Insane. Hard-headed. Lazy. When it comes to the car business, I've probably fit into each of these categories at one time or another. And—just between you and me—I’ve definitely ticked all three boxes on a few occasions! If you’re honest with yourself, you probably have, too. And before you get mad: I can explain!
Old habits are hard to break …
How often do you find yourself trying to fix things by doing the same stuff you’ve done since starting in the business? I know I have. And I do it, even though I agree with Albert Einstein’s famous definition of insanity: “... doing the same thing over and over again and expecting different results.” It’s the same problem with being hard-headed. Did you or do you still fight against change in your own dealership? Were you one of the people that kept saying this “internet thing” won’t ever catch on in the car business? Or that the internet will make it impossible for us to make a profit? What about laziness? Do you want to train your staff, but find yourself procrastinating on seeing the process through?
… but you CAN beat them!
Here’s the thing. It’s not the end of the world if you fall into one—or more—of these categories. But you can’t let them rule you. Take a hard, honest look at yourself and your habits, then make the necessary adjustments. Why do I bring these things up? Well, I’ve realized there’s a common theme among poor performers: They want quick fixes. First, let me just say that there’s no issue with wanting to solve a problem fast. Dealerships need to be swift and flexible when course correcting. But, there’s a big difference between immediate action and slapping a Band-Aid on a problem.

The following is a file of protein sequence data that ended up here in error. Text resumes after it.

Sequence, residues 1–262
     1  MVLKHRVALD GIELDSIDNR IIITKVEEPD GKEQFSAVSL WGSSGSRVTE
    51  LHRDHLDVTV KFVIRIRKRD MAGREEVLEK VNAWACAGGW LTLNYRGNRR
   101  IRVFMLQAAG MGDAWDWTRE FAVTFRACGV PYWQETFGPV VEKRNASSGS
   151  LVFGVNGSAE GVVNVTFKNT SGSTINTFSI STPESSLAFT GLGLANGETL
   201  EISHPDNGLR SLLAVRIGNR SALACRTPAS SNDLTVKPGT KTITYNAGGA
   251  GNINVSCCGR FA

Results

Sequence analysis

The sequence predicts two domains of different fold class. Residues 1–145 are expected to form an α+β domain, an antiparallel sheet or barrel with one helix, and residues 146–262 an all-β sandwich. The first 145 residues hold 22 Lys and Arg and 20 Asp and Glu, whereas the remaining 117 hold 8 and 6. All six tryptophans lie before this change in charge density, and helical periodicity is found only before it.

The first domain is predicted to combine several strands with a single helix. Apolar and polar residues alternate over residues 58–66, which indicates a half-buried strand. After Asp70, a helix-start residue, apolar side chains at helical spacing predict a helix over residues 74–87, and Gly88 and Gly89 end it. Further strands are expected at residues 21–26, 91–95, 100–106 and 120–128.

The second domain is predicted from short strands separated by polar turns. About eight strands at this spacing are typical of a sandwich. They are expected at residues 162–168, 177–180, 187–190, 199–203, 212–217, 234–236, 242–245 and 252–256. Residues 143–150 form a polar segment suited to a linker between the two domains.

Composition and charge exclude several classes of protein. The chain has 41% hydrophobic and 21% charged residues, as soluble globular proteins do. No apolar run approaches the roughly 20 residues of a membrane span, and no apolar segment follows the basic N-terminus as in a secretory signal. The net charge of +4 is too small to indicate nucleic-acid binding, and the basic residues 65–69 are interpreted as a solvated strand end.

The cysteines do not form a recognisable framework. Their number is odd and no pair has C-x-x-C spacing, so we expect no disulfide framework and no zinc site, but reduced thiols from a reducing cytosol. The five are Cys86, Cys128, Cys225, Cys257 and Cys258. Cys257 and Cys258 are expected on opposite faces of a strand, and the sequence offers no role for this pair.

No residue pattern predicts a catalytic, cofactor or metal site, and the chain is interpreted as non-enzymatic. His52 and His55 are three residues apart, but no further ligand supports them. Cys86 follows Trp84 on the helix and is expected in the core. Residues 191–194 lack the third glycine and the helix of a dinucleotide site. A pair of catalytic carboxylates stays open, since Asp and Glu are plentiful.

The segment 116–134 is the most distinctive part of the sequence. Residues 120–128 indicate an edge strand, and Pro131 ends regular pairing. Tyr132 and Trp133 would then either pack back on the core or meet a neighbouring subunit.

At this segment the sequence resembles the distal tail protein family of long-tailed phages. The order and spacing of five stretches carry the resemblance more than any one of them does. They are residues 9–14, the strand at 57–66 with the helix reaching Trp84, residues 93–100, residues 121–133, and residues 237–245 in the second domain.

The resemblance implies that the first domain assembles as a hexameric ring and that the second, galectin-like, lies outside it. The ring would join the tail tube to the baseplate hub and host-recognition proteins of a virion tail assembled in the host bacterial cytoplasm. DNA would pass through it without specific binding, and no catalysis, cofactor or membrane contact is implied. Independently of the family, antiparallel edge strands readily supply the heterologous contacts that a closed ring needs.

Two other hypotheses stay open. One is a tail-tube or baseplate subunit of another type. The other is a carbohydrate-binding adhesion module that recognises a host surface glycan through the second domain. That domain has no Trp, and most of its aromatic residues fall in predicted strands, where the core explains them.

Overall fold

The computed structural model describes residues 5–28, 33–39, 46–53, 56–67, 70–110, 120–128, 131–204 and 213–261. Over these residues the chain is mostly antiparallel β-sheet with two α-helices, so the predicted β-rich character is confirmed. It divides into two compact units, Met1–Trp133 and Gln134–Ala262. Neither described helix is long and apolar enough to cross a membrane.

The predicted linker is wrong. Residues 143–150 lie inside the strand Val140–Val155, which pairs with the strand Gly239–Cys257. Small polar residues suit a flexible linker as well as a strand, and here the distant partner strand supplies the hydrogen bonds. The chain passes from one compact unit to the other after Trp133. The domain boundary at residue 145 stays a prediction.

Quick fixes aren’t always best fixes
Unfortunately, many of the struggling dealerships I’ve seen want quick “Band-Aid” fixes. When things are bad, they focus on seeing results improve and demand that they improve fast! Excellent performers, though, focus on activities. They know that investment in training and examining and changing processes—while slower—will yield improved results that can be sustained. Unless you’re strategic, quick fixes are just those bad habits acting to undermine your business. I mean, it’s easy to just fire your staff. (Ahem: laziness.) Or demand that they produce a certain number of car sales per month. (Hard-headedness and a smidge of insanity.)
Without changing what your dealership does—and how your staff handle their work—you shouldn’t expect anything different. Unless you’re crazy. And, we both know you aren’t crazy. So, what should a successful dealer do? In my opinion, one of the quickest ways for us to increase profitability is by teaching our employees how to properly manage the activities that lead to results. Make changes to things you and your staff can control. And be sure to clearly communicate goals associated with the change. For instance, it’s fairly easy to manage the number of confirmed appointments each salesperson has each day or the number of customer pay service vehicles that get a full walk-around inspection. There’s nothing crazy about that plan.